This April also saw the start of the trial of Dennis Christensen, a 46-year-old Danish citizen. He was arrested in May 2017 by armed police wearing balaclavas and bulletproof vests after they stormed a Jehovah's Witnesses prayer hall in Oryol, a small city 225 miles south of Moscow. The officers were accompanied by plainclothes investigators from the FSB security service, according to video footage of the raid, as they stood guard over some three dozen attendees, including children.

Dennis Christensen, the Dane detained in Russia. Photograph by Simon Kruse

The authorities have held Christensen in a police detention facility since his arrest. Conditions in the jail are grim, he told reporters recently. He has been forced to wash himself with water from plastic bottles and survive on groats and other barely edible food. His health has deteriorated behind bars: His wife, Irina, says he has suffered from back pain, digestive issues and ear infections. Christensen, who has lived in Russia since 2000, faces up to 10 years in prison if found guilty of organizing prayer meetings. Danish Embassy officials have attended court hearings but have so far made no public statements about the trial.

As the clampdown continues, human rights groups are speaking out. "Dropping the case against Christensen would be a good first step toward ending the raids and other criminal cases against people who are merely practicing their faith," says Rachel Denber, deputy director for Europe and Central Asia at Human Rights Watch. Memorial, Russia's oldest human right organization, describes Christensen as "the first person in the history of modern Russia to be deprived of his freedom because of his religious affiliation."

The Christensen trial may be the first of its kind in recent decades, but Russia has a long, dark history of religious persecution. Authorities in the Soviet Union executed at least 200,000 members of the Russian Orthodox clergy, according to Kremlin records, while millions of other Christians faced imprisonment or discrimination at the hands of the officially atheist state.

For Russia's Jehovah's Witnesses, the arrests and raids are a throwback to those years of terror. "Older believers tell us what is happening now is simply a continuation of the Soviet period. The same methods of repression are being used," says Sergei, a Moscow-based Jehovah's Witness. (Like many other movement members, he asked Newsweek not to reveal his surname over security concerns.)

Putin, left, and Patriarch Kirill of Moscow light candles at the New Jerusalem Monastery in the town of Istra. Valery Sharifulin/TASS/Getty

The difference is that Soviet authorities targeted followers of all religions without exception; this time, the Kremlin is acting with the approval and support of its powerful ally, the Russian Orthodox Church. Although Russia's constitution stipulates a divide between church and state, critics say the Kremlin and church have grown uncomfortably close during Putin's almost two-decade rule. In recent years, Patriarch Kirill, the church's leader, has made public statements on a range of issues, from Russia's "holy war" in Syria to the "abomination" of gay marriage. The patriarch has also described Putin's rule as a "miracle of God."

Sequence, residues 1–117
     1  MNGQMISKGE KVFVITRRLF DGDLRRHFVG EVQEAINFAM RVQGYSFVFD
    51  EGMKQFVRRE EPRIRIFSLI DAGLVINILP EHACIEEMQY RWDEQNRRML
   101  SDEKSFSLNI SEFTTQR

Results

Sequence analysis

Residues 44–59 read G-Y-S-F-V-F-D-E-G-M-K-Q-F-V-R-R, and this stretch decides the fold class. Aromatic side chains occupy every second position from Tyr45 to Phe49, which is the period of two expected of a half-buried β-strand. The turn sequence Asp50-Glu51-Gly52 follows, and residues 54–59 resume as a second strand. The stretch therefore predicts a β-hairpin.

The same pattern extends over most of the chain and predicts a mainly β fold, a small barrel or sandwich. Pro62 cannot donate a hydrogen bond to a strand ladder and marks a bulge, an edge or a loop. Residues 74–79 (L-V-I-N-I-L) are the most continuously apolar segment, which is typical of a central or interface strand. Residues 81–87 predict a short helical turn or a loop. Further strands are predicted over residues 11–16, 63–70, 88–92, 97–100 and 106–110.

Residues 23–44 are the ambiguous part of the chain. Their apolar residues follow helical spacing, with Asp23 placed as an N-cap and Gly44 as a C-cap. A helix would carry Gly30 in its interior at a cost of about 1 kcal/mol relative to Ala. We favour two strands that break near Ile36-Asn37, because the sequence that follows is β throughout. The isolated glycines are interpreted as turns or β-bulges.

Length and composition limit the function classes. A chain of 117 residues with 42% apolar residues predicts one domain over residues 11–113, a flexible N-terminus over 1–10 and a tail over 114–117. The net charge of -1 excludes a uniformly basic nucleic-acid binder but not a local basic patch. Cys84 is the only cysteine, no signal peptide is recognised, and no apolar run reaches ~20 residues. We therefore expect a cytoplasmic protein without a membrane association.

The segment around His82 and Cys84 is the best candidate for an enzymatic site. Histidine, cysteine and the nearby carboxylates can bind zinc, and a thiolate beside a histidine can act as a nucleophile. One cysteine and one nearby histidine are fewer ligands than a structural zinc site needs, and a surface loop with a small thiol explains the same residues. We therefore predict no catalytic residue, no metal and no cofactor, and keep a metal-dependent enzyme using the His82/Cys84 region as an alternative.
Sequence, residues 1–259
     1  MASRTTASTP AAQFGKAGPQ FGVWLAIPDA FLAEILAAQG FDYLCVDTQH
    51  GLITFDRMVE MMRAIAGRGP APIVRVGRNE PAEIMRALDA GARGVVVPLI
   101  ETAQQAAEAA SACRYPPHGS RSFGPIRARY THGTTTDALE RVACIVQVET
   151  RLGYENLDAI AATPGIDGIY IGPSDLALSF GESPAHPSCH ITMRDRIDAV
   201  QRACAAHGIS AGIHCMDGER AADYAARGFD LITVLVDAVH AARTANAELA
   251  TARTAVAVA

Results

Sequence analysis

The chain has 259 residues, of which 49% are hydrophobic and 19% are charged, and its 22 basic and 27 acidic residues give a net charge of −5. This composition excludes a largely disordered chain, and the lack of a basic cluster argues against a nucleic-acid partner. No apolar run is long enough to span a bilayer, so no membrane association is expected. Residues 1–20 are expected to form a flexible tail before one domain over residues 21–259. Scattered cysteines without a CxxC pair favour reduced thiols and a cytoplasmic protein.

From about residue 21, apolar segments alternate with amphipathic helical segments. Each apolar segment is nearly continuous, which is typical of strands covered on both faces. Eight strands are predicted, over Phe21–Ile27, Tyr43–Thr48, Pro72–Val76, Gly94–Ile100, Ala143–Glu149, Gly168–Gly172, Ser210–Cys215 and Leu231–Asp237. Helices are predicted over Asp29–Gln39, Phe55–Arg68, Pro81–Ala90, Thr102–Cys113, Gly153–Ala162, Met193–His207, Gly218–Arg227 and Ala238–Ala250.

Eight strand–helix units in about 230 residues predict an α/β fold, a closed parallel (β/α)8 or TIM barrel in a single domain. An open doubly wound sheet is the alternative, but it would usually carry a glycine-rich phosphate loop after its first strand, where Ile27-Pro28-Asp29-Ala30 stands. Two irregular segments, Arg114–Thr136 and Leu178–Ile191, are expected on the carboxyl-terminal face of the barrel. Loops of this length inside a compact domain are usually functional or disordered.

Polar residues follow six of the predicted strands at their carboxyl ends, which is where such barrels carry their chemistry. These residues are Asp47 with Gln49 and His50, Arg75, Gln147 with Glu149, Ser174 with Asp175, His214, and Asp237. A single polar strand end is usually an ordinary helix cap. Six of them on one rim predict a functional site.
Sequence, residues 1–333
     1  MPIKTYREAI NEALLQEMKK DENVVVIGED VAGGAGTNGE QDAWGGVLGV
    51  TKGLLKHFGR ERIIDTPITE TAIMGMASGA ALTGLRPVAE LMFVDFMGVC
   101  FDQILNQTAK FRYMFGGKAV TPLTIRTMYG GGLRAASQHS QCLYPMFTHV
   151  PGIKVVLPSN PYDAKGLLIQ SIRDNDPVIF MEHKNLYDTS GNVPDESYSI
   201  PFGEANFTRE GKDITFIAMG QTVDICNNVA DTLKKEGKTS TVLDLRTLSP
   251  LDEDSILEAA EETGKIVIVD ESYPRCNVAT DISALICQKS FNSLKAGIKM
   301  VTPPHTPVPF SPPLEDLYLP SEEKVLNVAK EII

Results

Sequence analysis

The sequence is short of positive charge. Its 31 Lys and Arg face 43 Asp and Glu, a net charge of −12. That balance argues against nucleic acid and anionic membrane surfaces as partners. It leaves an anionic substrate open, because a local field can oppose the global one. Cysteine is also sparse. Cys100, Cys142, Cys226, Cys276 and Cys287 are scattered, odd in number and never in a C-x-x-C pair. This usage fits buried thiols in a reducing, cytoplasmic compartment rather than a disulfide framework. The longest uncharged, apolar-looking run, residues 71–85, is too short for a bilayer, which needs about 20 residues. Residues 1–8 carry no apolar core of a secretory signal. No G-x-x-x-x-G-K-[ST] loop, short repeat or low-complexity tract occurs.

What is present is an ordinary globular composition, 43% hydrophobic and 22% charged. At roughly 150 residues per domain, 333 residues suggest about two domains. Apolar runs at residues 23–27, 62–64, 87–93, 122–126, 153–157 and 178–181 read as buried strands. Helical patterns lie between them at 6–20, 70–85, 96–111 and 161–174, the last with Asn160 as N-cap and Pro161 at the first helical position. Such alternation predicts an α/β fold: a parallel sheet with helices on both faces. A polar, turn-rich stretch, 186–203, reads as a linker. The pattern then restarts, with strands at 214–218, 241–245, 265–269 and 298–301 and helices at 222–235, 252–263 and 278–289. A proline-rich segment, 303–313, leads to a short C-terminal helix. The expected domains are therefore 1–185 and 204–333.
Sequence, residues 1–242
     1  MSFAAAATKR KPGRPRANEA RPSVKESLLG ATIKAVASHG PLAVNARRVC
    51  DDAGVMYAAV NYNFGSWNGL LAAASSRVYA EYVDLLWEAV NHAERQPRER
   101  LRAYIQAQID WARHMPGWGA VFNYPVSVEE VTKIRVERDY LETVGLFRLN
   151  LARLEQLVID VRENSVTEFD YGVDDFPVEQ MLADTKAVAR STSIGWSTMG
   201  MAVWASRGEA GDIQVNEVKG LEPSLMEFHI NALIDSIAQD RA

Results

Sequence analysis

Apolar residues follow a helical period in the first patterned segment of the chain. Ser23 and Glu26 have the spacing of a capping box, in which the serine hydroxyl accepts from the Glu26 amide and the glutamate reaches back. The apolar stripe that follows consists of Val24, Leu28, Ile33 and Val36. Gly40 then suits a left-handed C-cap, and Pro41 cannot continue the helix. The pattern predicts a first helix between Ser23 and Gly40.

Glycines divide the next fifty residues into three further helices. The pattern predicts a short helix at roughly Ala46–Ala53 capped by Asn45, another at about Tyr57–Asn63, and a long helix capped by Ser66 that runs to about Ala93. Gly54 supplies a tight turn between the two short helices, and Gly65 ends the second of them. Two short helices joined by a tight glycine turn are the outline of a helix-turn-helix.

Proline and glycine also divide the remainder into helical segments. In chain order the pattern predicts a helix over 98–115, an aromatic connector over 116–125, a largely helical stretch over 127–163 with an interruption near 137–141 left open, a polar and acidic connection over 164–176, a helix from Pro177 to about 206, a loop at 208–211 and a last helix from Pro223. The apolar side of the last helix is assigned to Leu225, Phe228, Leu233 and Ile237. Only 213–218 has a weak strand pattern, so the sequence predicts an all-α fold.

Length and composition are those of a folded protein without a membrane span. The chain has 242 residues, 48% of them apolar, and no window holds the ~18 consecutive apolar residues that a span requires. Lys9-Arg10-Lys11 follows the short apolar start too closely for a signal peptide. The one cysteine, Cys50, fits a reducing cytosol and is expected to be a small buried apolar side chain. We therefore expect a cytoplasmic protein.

Kirill hasn't spoken publicly about the state's campaign against the Jehovah's Witnesses, but church spokespeople have been fervent in their support of it. "[The Jehovah's Witnesses] manipulate people's senses and destroy minds and families," says Metropolitan Hilarion, an aide to the patriarch. Ultra-conservative Orthodox Christian activists close to Kirill have also welcomed the Supreme Court's decision to prohibit the group. "The Jehovah's Witnesses are trying to force a foreign religion on Russians. But no one wants to see them here, and they should go back to where they came from," says Andrey Kormukhin, the founder of Sorok Sorokov, an activist group described by its critics as the Russian Orthodox Church's "combat unit." According to an opinion poll taken last year, 80 percent of Russians supported the ban on the Jehovah's Witnesses' activities. That's approximately the same percentage of the population who identify as Russian Orthodox Christians.

Like many other religious groups, including the Russian Orthodox Church, the Jehovah's Witnesses have been rocked in recent years by child abuse scandals. In Britain, dozens of current and former members alleged in March that they had been sexually assaulted. They also accused senior members of covering up the abuse. "Elders treat victims of child abuse with compassion, understanding, and kindness," the Jehovah's Witnesses responded in a statement. However, there have been no allegations of child abuse against the religious group in Russia, and attorneys for the Justice Ministry did not cite the issue ahead of the Supreme Court's decision to classify them as extremists.

Despite the Russian Orthodox Church's enthusiasm for the state's bid to suppress the Jehovah's Witnesses, some analysts say the decision to approve a nationwide ban was likely driven by political and security concerns. "The Jehovah's Witnesses were targeted because they do not support the wave of patriotism sweeping the country during the confrontation with the West," says Roman Lunkin, a religion analyst at the Russian Academy of Sciences in Moscow. "There is a real fear of religion and religious activity among the authorities and the security services."

Orthodox Church activist Andrei Kormukhin, center. Mikhail Pochuyev/TASS/Getty

These anxieties, Lunkin adds, extend even to civil activism by Russian Orthodox Christians. "Putin might be an Orthodox Christian, but if you stand on the streets of Moscow with a sign saying 'Let's build a Christian community in Russia,' then, under our laws, you can be locked up," he says.

Unsurprisingly, some Jehovah's Witnesses want to get out of Russia. Spokespeople estimate that hundreds have fled the country in recent months. Yet tens of thousands are determined to stay, and they see the Kremlin's repression as a test of their convictions. "My years of serving Jehovah God under a ban taught me that this makes a believer even stronger," says Pavel Sivulskiy, 86, who says he spent seven years in a Soviet gulag for his beliefs. "We pray more often and more ardently, and are together more frequently."

A Jehovah's Witnesses Bible. Scott Keeler/Tampa Bay Times/AP

With their prayer halls shuttered, Russia's Jehovah's Witnesses have resorted to the Soviet-era practice of gathering in secret in each other's homes. At a recent meeting in a one-bedroom apartment in northern Moscow, some two dozen men and women discussed Scripture, prayed and listened to lectures on the virtues of forgiveness. People spilled out of the tiny living room into the kitchen, softly singing hymns so as not to alert the neighbors. Many of those present said they had discovered the religion in the 1990s, following the collapse of the Soviet Union, when millions of Russians explored once-taboo ideas.

"We are hurt and insulted by the prohibition of our religious beliefs," says Yelena, an elderly woman who owns the apartment. "But we're not afraid. How can we be afraid when we have faith?"